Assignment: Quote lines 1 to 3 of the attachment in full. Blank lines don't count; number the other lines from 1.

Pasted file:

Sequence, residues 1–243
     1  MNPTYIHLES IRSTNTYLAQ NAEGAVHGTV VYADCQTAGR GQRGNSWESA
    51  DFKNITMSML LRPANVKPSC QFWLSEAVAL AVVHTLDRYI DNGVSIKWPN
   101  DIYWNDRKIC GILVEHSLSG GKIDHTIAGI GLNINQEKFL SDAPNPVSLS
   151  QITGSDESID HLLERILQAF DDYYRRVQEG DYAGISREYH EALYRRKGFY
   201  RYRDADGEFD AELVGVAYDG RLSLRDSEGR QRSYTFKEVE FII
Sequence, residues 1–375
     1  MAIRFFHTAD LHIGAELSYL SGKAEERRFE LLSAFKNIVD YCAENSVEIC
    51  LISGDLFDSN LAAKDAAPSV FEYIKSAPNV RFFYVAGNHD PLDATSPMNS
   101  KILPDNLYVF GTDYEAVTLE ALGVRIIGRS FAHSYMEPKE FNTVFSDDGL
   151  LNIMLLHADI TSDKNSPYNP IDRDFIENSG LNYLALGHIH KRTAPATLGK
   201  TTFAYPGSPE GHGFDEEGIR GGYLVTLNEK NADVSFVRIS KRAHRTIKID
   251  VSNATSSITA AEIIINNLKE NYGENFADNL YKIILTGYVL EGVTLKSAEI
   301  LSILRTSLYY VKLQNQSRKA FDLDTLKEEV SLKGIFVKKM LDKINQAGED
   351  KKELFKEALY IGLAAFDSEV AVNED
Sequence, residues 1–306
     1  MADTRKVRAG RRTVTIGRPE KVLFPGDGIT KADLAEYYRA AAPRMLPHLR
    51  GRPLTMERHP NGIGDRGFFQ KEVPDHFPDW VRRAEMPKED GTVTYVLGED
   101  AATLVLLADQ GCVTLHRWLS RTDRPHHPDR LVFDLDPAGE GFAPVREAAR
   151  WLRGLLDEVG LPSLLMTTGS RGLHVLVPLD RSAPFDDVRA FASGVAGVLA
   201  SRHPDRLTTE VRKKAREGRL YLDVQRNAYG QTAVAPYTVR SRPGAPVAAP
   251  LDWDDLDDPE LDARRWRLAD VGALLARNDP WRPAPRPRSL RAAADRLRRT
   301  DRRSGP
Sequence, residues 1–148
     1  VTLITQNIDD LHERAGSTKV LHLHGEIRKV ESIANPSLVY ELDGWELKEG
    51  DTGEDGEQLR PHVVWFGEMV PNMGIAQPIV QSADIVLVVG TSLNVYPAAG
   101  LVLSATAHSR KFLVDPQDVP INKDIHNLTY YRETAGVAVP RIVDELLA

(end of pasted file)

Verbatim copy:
Sequence, residues 1–243
     1  MNPTYIHLES IRSTNTYLAQ NAEGAVHGTV VYADCQTAGR GQRGNSWESA
    51  DFKNITMSML LRPANVKPSC QFWLSEAVAL AVVHTLDRYI DNGVSIKWPN